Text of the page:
Ste­fanowski has his anti-gov­ern­ment base safe and sound in the back of his cam­paign bus. He could say or do any­thing he wanted and they’d still vote for him, as his model, Pres­i­dent Don­ald Trump, cor­rectly said dur­ing his own cam­paign.

But he never had a road map to the cen­ter, hav­ing staked his jour­ney on a sin­gu­lar, far- right vow: end­ing the state in­come tax and other le­vies with­out adding rev­enues else­where. By re­fus­ing to dis­cuss de­tails, take re­porters’ ques­tions for more than five min­utes or pre­sent an eco­nomic plan be­yond “Mal­loy has killed Con­necti­cut” — which is not borne out by the facts — he’s boxed him­self into the lane on the far right side of the road.

And, like La­mont, Ste­fanowski seems sat­is­fied with that — al­though it makes us all won­der why he was a reg­is­tered Demo­crat from Oc­to­ber, 2016 un­til July, 2017, right be­fore he de­clared as a Repub­li­can.

And so we have a vast, va­cant mid­dle, with dis­sat­is­fied vot­ers giv­ing each can­di­date a neg­a­tive rat­ing around 40 per­cent. “They are both trans­ac­tional can­di­dates at a time when our state needed trans­for­ma­tion,” one ob­server said — a re­minder that true change means more than just promis­ing to stick to an ide­ol­ogy.

But the mid­dle will vote, and Ste­fanowski makes up ground among older, whiter, largely male vot­ers. La­mont, younger, browner vot­ers and women.

Don’t be­lieve the Gravis Mar­ket­ing poll that came out Fri­day, giv­ing La­mont 46 per­cent, Ste­fanowski 37 per­cent and pe­ti­tion­ing unaf­fil­i­ated can­di­date Oz Griebel 9 per­cent, with La­mont lead­ing even among men. That poll’s 681 re­spon­dents were 40 per­cent Demo­crat lean­ing, far more than the 36 per­cent Demo­crat reg­is­tra­tion.

It’s a dead heat, peo­ple. Your vote counts. Cir­cum­stances ap­pear to fa­vor Ste­fanowski al­though La­mont could change that with a big turnout. The fore­cast for rain Tues­day helps Repub­li­cans.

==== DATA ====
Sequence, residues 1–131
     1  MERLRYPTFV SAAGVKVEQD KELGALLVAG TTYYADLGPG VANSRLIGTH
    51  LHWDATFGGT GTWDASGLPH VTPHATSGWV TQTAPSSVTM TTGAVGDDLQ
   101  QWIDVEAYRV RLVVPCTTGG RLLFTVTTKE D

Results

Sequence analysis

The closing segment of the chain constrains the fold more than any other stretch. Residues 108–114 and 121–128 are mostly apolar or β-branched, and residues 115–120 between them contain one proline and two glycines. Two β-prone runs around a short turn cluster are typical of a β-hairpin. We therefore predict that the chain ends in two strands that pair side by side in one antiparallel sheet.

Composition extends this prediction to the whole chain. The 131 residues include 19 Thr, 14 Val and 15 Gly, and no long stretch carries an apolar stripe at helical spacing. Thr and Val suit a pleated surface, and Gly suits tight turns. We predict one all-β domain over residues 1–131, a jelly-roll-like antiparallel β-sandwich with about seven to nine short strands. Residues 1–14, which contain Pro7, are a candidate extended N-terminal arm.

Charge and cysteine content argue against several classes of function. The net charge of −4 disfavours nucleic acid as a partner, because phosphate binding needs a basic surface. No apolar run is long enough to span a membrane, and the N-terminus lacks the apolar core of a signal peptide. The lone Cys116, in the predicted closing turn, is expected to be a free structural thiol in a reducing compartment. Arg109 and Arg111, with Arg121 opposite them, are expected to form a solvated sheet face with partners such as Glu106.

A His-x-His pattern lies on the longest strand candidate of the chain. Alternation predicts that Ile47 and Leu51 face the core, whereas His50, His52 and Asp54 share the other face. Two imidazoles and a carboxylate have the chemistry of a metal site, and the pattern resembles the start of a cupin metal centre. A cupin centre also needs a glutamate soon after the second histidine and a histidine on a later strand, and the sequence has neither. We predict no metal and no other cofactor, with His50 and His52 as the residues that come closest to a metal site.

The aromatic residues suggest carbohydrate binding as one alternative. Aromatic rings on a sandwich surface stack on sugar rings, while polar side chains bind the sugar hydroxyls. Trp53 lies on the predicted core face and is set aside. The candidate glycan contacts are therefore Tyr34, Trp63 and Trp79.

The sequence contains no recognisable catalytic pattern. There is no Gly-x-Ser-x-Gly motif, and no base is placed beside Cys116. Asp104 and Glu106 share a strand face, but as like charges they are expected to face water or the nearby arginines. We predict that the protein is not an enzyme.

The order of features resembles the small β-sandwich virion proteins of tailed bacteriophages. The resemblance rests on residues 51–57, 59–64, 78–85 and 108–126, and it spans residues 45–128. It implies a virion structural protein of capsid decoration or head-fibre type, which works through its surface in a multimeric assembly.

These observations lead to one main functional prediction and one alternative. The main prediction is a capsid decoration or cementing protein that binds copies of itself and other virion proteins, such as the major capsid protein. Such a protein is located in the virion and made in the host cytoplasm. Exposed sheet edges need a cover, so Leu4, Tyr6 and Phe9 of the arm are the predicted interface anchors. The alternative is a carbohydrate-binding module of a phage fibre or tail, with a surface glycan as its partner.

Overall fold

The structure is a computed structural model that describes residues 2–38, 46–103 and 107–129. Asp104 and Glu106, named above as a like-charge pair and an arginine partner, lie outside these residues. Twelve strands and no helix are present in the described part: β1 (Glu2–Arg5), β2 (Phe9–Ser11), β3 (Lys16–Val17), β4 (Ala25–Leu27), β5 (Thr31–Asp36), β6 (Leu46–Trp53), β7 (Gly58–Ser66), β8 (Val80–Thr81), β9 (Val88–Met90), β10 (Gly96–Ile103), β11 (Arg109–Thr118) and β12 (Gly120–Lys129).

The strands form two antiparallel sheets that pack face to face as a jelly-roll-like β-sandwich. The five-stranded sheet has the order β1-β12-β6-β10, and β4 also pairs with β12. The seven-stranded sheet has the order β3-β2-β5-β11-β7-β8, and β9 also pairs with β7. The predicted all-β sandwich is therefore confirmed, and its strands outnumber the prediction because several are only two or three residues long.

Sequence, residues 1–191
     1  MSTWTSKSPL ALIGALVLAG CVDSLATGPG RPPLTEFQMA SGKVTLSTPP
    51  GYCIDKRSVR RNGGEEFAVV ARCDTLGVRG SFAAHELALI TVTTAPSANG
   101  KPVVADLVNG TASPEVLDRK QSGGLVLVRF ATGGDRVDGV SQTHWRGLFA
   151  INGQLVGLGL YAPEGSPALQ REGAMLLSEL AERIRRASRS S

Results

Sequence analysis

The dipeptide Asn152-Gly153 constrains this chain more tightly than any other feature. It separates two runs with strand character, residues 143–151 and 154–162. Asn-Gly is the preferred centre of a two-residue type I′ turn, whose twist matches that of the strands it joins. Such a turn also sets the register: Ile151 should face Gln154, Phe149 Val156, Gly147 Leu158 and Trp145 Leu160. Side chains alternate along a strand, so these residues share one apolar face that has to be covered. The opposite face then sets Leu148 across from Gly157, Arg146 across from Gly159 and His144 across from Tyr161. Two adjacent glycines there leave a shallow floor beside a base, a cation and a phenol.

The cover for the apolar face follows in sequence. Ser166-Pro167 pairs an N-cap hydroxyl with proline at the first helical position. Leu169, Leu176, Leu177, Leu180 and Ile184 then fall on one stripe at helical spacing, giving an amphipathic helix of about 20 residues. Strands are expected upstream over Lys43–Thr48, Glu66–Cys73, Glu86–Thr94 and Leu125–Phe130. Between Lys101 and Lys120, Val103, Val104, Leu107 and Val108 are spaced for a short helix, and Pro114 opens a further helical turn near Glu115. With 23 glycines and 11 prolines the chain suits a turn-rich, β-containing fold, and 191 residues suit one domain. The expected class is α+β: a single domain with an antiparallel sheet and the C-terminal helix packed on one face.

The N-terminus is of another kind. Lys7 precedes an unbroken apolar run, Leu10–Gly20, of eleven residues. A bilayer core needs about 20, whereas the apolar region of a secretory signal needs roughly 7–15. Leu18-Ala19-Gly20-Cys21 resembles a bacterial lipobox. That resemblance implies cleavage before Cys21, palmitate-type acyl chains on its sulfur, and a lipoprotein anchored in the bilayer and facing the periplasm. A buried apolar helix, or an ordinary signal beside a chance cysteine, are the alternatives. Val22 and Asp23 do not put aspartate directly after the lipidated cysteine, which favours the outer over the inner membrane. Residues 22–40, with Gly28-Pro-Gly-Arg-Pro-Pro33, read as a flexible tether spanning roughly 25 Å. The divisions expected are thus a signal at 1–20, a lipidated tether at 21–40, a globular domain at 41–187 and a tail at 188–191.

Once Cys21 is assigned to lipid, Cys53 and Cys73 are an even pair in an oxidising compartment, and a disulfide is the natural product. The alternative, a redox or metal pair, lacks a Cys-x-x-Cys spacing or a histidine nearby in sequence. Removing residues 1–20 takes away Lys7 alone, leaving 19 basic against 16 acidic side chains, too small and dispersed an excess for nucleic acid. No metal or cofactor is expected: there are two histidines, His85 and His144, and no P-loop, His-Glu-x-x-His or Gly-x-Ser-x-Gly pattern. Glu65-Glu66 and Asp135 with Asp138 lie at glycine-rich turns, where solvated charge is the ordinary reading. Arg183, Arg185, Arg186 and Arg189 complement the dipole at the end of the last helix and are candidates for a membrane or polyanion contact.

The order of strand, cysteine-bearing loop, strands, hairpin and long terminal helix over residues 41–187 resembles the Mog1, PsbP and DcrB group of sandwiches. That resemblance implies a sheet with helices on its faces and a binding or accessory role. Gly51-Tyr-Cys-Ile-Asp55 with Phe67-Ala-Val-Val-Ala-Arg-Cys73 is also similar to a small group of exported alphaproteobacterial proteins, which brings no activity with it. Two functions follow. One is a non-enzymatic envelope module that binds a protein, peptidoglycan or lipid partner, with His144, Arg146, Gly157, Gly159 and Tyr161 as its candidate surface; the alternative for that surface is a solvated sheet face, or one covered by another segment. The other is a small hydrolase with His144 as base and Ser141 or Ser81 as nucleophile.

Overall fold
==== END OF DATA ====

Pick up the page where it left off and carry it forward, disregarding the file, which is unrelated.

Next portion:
La­mont had hoped the voter reg­is­tra­tion num­bers and Ste­fanowski’s lu­di­crous re­fusal to en­gage in is­sues would put him over the top. In­stead, we have an an­grier state than most of us had imag­ined.

Ste­fanowski feeds off that anger. In a video­tape re­leased Fri­day by Democrats, he tells a gath­er­ing of Repub­li­cans dur­ing the pri­mary that he would “file Hart­ford for bank­ruptcy” and shut down New Haven for be­ing a so- called sanc­tu­ary city.

And, cru­cially, La­mont’s aw, shucks per­son­al­ity has failed to ig­nite peo­ple in great enough num­bers to give him breath­ing room.

On Satur­day af­ter­noon, La­mont and other Democrats filled the base­ment of the Bethel AME Church in New Haven. Margie Ford, an in­sur­ance agent who was in the church for a choir prac­tice, said La­mont has the charisma to de­liver big crowds to the polls Tues­day.

Oth­ers in New Haven are more skep­ti­cal in­clud­ing a woman named Pa­tri­cia, who said she liked “the other guy” more, but couldn’t say why.

Griebel is tak­ing a share of the cen­ter, but his vot­ers are pol­icy watch­ers, not the ones who would have voted for Ste­fanowski — whose ig­no­rance of the specifics on the is­sues tends to at­tract lower- in­for­ma­tion feel­ers rather than thinkers. That does not mean all Ste­fanowski vot­ers are low- in­for­ma­tion, just that he’s a more nat­u­ral mag­net for them than La­mont.

The bot­tom line: La­mont will lose on Tues­day un­less his cam­paign ex­cites 20- some­things, ur­ban African Amer­i­cans and subur­ban women fed up with Trump­ism. The first two of those are the flight­i­est groups in all elec­tion­dom.

Any Demo­crat needs those groups, of course, but more so for La­mont be­cause he’s left the mid­dle up for grabs.